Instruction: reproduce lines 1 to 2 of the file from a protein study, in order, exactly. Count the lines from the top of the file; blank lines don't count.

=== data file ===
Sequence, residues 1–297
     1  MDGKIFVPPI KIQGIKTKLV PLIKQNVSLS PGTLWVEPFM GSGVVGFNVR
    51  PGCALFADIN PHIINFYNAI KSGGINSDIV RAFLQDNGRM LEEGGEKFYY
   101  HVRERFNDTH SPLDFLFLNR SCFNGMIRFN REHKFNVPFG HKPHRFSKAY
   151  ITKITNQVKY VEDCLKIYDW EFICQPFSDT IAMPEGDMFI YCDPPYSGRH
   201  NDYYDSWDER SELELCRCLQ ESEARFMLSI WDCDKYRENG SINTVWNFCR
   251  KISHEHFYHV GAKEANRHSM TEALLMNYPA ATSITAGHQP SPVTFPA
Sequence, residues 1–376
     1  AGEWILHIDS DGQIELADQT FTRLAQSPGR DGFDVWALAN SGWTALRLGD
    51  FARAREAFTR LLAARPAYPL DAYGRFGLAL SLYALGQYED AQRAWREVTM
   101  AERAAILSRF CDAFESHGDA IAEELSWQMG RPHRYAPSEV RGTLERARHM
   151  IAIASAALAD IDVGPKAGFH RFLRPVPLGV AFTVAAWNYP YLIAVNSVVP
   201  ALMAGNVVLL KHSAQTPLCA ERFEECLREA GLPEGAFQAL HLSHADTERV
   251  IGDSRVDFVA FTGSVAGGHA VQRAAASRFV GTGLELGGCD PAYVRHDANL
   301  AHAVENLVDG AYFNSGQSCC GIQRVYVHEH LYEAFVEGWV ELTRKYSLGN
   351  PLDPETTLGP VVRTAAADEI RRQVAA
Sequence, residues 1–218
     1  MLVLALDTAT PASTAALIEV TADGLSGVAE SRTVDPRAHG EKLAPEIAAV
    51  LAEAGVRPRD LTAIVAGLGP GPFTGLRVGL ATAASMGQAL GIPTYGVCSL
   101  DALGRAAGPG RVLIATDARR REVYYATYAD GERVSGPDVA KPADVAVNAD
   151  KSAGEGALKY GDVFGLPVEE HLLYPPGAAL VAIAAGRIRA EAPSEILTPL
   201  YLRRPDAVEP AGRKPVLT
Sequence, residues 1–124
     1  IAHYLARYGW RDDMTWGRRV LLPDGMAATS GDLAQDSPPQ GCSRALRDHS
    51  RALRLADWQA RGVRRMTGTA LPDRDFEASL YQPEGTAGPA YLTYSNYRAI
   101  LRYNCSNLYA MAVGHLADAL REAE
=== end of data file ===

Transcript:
Sequence, residues 1–297
     1  MDGKIFVPPI KIQGIKTKLV PLIKQNVSLS PGTLWVEPFM GSGVVGFNVR